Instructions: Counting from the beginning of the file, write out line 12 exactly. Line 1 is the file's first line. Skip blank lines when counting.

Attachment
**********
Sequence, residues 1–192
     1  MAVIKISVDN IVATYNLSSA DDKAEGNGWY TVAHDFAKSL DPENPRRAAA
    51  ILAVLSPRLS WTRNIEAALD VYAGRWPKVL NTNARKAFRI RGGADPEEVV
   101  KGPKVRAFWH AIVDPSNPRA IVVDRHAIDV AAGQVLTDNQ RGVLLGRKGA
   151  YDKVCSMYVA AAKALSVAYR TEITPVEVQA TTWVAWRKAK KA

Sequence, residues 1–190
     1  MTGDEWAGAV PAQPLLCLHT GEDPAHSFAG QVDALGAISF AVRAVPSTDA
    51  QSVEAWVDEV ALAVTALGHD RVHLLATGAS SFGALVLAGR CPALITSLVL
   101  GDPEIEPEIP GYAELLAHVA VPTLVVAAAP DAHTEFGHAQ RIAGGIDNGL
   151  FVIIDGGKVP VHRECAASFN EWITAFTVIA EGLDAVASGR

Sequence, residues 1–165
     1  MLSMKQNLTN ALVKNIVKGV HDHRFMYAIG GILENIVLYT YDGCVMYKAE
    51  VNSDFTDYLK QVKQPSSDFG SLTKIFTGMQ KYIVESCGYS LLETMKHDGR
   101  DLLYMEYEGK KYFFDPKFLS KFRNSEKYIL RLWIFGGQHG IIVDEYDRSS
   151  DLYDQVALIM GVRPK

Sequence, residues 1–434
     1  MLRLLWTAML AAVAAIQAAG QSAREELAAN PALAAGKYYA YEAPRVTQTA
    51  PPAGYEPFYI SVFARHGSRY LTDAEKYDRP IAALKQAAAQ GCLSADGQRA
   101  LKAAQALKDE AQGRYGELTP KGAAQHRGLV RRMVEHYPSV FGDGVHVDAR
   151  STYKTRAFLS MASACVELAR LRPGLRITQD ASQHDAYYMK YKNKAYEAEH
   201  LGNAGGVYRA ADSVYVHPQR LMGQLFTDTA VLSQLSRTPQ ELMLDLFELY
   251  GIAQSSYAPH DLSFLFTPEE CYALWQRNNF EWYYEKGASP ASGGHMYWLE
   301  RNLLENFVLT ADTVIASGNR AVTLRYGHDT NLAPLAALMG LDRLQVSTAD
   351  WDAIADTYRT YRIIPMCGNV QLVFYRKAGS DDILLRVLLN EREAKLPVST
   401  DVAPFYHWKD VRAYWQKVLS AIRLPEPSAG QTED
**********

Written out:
     1  MLSMKQNLTN ALVKNIVKGV HDHRFMYAIG GILENIVLYT YDGCVMYKAE